Friday, February 1, 2008

1. The dark side of fiction writing


Michael W. Davis

(a.k.a Big Mike)

Davisstories.com

Author of: Tainted Hero (Champagne books, 12/07), The Treasure (Golden Acorn Publishing, 12/07), Forgotten Children (Champagne books, 6/08)


In upcoming months I will share thoughts on the wonder of fiction writing, the pleasures, the do’s and don’t; but how about the pain? Sometimes its best to start with a reality check about the dark side to offer a glimpse into the deep corners, the fact that the mirror can sometimes be cracked. Before you read this, be warned, I’m in a dark closet right now, so read on in that context.

I entered fiction writing to add a new dimension to my life. Something to fill in the empty zones, provide an outlet for the stories that constantly float around in my head (no, not voices, just stories.) Over time, writing took on a new form, an all-encompassing mistress that consumes you, devours ever moment, ever thought. This powerful hunger she has, it sometimes pushes the fun out of the equation. The writing itself is a release, a thing of beauty, a form to share thoughts and visions from your mind’s eye, but there is a dark side to this mistress. With all her loveliness, it’s easy to be blinded by those curves, that soft skin, her scent. She can take a toll on your spirit. Forget for the moment the chance to see your name in print (wasn’t my reason cause I’d been their before), or everyone wanting to talk to you about your stories (that is a great thing, you interact with so many new people), just for the moment consider the down side, before you dive in:

1. Rejection – If you are sensitive to rejection, or having people toss arrows at you about your work; don’t walk, run away. Search the web for “submission rejection experiences.” The “want a bee” writer’s posts abound with the flood of "no thank you" letters with no explanation, or even worst, sometimes they contain a harsh or senseless non-constructive tone. Before I got my first story accepted, it would not be an overstatement that I received hundreds of rejection letters, some helpful, but most harshly written. There’s a website called “The water cooler.” Read some of the horror stories they reveal.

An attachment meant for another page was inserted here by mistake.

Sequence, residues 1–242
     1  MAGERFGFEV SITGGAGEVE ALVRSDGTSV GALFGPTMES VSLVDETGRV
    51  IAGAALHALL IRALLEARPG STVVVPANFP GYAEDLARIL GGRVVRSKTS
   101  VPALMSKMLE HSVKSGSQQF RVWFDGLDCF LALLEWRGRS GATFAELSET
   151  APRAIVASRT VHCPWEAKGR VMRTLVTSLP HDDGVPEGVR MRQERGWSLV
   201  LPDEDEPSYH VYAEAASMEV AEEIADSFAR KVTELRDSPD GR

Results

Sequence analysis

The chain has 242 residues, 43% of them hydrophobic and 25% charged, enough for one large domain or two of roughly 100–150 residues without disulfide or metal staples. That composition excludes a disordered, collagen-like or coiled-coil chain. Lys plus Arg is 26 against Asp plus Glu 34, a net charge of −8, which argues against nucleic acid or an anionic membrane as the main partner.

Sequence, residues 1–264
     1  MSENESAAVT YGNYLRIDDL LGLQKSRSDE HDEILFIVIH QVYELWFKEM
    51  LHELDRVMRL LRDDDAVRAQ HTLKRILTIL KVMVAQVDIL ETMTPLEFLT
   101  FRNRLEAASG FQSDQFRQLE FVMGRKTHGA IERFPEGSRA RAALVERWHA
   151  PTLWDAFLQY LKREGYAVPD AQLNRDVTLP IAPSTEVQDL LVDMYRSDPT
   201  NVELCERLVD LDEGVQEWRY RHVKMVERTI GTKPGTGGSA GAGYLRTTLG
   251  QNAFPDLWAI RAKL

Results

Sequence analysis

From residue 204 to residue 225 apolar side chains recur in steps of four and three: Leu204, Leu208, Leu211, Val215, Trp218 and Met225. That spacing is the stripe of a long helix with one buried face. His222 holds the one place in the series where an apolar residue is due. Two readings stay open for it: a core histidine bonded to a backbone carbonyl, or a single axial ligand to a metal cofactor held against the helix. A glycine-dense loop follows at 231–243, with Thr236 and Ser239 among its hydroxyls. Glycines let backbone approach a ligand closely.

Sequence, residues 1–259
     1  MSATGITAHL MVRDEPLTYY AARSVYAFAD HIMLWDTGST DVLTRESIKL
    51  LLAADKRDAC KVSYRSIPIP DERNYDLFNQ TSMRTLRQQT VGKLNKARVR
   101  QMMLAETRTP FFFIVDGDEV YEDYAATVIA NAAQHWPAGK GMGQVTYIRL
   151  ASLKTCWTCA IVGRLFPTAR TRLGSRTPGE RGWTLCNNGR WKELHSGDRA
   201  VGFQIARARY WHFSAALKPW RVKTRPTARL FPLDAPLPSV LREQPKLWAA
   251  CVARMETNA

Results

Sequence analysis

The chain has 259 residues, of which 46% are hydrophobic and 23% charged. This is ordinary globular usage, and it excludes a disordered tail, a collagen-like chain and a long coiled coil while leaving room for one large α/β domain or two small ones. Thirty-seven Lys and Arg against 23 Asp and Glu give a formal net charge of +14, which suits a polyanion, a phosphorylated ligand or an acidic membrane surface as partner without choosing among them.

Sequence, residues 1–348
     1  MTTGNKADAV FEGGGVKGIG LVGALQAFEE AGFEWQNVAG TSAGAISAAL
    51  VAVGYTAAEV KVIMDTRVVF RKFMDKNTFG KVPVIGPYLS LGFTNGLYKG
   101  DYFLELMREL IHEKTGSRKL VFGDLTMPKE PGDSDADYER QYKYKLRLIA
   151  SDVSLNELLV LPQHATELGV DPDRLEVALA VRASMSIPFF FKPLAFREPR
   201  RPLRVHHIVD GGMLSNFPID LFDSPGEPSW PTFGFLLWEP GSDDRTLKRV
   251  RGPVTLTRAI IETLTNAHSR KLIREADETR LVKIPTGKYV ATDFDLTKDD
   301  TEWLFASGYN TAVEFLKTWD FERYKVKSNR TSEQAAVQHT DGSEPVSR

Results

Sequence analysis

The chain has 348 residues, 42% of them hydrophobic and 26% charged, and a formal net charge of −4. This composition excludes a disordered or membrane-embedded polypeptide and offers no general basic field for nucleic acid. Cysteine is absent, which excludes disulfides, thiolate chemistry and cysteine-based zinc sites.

2. Self promotion – If you’re lucky enough to get published, chances are it will be by one of the independent small publishing houses. Unless you have a relative that has contacts or a really “close” friend that’s an agent, the big houses no longer accept self-submissions (have to go thought a second party.) What does this mean? If you want to be successful (and who doesn’t) you will have to do a ton of self-promotion activities. Read again the word TON. The big boys can afford to spend 100 grand, quarter million, etc to promote a book. The small pub houses cannot. It’s just a reality, a harsh fact of the fiction writing business. If you don’t self-market, things are really weighted against you. I consider myself to be good at projecting ahead, forecasting how hard I have to work, but frankly, I was totally blindsided by the hours that must be spent to promote ones self. I do it, it’s a necessity, but it was one heck of a surprise. In a future post I’ll share in detail some of the self-promotion methods, techniques, suggestions, but not here.

3. Absence of the muse – I didn’t delve into fiction writing to make money. I had done enough research to know massive amounts of financial return were unlikely. I started because I enjoy articulating the stories, the visions in my mind. I really get off when someone says, “man, that story moved me, I couldn’t put it down.” Unfortunately, as you become published (unless you’re a King or Clancy with shadow writers and a promotion staff) you will be drawn away from your passion, the thing you loved in the first place. It becomes harder and harder to lock yourself away to just do what you like to do.

Ok, now that I’ve been mister dark cloud, if you can deal with all that, my take is that it’s still worth the ride. The chance to reach for your dream, and see it materialize, will never come if you don’t take that leap into the abyss filled with gators and vipers. Enough said. My follow on post will be more up beat, I promise.

Big Mike

Davisstories.com



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